By 1882, Breckenridge secured a depot site for the Denver, South Park and Pacific Railroad and thereby brought rail service to Town.  Breckenridge doomed a half dozen other rival company towns in the process, including Swan City, Preston, and Lincoln City.  The population of Breckenridge peaked at approximately 2000.  By 1882, Breckenridge added three newspapers and a cemetery.  The Town also managed to organize three fire companies to protect the vulnerable wooden structures.  A major fire in 1884 destroyed a number of buildings along Main Street and Ridge Street. Despite the fire danger, local carpenters continued to build with wood because of the availability of materials and the reduced time, effort, and cost of construction.  As a result, few masonry buildings ever appeared in Breckenridge.

Breckenridge was home to one of the most famous evangelists in Colorado history -Reverend John Lewis Dyer.  The Methodist minister, known as the “Snowshoe Itinerant,” walked and skied his way through the mountains, taking the gospel to those who might not otherwise hear it.  Carrying heavy canvas sacks of mail over the snow-packed mountain passes; Father Dyer earned enough money to continue his missionary work in Breckenridge.  In 1880, he built Breckenridge's first church, now located on Wellington Road.  While Father Dyer was trying to save souls, famed desperado Pug Ryan was doing his best to deliver souls to their Maker.  In 1898, Pug robbed a midnight poker game at the posh Denver Hotel on Main Street. An accidental discharge from a sawed-off shotgun announced Pug's arrival. None the less, he got away with $50 in cash from the bar till, as well as fine watches and jewelry from the gamesters.  Pug died for his digressions at the state penitentiary in Canon City in 1931.

World War II Ends the Mining Era

The population of Breckenridge dropped to fewer than 1,000 people by the turn of the century.  Despite a successful gold-dredging boom from 1898 to 1942, the population continued to drop throughout the first half of the twentieth century.  More and more buildings were abandoned.  Thinking the Tiger Placers Company would provide jobs in an era of national depression, Breckenridge town officials allowed the Tiger #1 Gold Dredge to chew its way from the northern town limits through the south end of Main Street.  The two-story, pontoon boat supported an armature that carried a line of moving buckets that dug up placer mining ground to depths of 48 feet in the riverbed.  The dredge removed all vegetation and buildings in its path. The riverbed was literally turned upside-down.  Fine soils of the river bottom were either sent to the depths below or sent downstream as sediment. The riverbed and bedrock below were dredged up to the surface. As a result, few historic buildings survived on the west side of the river.  World War II finally silenced the dredge and the population declined to approximately 254 individuals.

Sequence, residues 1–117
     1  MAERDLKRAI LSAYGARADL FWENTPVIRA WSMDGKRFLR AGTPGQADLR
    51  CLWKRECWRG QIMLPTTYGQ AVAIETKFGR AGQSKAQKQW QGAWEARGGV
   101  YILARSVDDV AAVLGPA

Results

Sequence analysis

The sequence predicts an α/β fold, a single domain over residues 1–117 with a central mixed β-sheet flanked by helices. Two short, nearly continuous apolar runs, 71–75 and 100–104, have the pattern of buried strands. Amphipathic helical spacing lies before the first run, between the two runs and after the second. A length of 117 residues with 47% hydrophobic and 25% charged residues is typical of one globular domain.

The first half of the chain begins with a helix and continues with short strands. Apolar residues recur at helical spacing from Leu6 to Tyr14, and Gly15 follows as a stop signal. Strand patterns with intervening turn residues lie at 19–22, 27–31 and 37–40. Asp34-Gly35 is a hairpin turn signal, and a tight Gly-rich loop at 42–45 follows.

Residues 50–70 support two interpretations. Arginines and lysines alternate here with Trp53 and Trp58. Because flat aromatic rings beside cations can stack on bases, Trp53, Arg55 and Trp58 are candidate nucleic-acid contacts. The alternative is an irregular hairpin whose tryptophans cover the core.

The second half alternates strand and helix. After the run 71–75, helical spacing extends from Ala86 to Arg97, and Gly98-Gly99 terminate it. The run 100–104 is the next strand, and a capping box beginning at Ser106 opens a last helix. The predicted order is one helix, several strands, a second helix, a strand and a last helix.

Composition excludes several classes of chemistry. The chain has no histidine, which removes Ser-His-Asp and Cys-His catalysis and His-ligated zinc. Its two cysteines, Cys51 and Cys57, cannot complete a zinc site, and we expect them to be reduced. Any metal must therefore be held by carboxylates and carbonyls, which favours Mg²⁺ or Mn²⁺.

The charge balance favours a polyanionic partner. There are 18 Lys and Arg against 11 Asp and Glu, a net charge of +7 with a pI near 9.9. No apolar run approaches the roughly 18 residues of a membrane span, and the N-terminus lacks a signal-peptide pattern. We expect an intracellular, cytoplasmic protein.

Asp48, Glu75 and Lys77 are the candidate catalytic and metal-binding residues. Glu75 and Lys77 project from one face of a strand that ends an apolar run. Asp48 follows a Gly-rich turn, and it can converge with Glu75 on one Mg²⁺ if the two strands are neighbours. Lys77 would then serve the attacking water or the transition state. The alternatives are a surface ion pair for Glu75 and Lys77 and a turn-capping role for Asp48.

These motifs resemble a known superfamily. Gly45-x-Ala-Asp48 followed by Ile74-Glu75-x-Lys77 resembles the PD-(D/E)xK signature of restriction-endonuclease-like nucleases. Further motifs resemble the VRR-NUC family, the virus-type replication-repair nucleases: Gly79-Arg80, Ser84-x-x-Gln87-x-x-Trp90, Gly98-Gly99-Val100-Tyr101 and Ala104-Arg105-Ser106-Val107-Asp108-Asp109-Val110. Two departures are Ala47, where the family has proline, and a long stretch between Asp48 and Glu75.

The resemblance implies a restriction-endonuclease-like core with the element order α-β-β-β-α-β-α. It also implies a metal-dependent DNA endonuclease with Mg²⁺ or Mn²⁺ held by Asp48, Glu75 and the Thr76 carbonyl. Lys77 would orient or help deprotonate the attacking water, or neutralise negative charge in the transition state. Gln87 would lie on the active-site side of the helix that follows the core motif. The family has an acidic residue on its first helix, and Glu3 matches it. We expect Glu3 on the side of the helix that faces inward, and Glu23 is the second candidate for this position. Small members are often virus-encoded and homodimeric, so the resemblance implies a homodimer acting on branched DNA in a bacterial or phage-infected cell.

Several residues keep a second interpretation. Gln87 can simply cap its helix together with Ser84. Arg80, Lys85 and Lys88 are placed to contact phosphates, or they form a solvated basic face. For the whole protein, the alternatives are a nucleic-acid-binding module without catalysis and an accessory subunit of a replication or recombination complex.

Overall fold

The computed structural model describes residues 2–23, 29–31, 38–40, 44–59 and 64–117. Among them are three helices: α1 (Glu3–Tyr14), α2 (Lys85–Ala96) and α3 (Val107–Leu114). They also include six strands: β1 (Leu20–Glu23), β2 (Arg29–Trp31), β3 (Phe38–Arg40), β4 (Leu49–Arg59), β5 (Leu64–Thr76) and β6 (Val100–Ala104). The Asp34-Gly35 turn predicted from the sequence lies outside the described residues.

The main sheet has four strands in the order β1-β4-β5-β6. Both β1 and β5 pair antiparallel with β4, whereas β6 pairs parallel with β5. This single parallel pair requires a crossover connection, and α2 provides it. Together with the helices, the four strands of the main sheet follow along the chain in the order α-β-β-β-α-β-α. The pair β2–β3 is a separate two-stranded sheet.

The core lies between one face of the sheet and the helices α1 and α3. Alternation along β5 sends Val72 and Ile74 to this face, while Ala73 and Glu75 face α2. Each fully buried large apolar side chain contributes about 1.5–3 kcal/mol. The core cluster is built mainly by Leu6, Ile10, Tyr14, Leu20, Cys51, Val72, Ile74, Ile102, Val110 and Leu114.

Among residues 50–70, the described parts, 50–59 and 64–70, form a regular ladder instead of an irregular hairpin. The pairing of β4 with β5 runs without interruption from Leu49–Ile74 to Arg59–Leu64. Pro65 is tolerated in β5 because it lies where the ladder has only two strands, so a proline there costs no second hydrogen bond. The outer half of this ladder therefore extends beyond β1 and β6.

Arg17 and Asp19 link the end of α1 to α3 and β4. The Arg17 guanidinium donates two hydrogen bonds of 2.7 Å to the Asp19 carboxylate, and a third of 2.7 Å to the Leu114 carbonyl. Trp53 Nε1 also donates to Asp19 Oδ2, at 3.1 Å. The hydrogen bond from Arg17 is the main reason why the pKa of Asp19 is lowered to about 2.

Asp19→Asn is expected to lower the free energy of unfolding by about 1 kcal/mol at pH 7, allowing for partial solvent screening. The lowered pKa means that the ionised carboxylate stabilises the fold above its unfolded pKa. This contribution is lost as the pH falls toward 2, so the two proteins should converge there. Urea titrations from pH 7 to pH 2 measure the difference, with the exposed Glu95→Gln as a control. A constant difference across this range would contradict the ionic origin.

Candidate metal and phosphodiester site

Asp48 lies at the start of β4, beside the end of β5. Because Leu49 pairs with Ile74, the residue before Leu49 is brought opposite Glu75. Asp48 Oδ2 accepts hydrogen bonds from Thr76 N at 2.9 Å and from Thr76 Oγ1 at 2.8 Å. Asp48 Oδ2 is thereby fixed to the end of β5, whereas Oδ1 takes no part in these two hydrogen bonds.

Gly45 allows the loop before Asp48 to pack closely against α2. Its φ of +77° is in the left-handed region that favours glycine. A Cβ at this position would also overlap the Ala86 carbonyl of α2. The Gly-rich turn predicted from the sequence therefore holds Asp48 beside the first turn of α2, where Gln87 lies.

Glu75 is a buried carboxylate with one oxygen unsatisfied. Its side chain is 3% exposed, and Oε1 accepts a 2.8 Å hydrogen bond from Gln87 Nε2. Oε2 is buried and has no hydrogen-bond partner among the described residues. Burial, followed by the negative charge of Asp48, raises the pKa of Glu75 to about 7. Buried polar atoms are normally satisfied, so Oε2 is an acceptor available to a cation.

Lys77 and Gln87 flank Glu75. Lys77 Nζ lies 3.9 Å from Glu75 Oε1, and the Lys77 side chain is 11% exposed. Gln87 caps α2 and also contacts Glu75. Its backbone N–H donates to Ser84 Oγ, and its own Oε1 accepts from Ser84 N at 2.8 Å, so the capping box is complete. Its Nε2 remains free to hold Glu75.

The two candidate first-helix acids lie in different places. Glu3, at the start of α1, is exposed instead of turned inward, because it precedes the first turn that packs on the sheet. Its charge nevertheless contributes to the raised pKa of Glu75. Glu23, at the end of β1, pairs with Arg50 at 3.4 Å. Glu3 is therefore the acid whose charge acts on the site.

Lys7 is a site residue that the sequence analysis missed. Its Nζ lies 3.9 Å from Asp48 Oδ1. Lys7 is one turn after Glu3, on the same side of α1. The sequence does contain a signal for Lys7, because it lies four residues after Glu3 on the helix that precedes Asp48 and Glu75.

Many of Breckenridge's historic buildings were lost during the "post-war" period for a variety of reasons.  Some property owners demolished their structures to reduce their tax burden. Other buildings were lost to accidental fires, while others were purposely burned in practice exercises of volunteer fire crews.  Some buildings were even torn down for firewood.  Breckenridge, however, never achieved ghost town status.  Instead, it maintained itself as a small town until the advent of the ski industry.  The closest it came to a ghost town was in 1930, when it was decided that Breckenridge had been excluded from maps of the United States.  The Breckenridge Women's Club was in session one day in 1936 when they found a strip of land 90-miles long and 30-miles wide had been left out of the United States. Breckenridge was included in this area with points north to Grand County.  So, on August 8, 1936, the Governor and an impressive entourage gathered on the courthouse lawn, where a flag of the United States was raised. Today, for one weekend in August, Breckenridge declares itself free and sovereign with the heritage festival, once known as “No Man's Land.”

White Gold and the Eisenhower Tunnel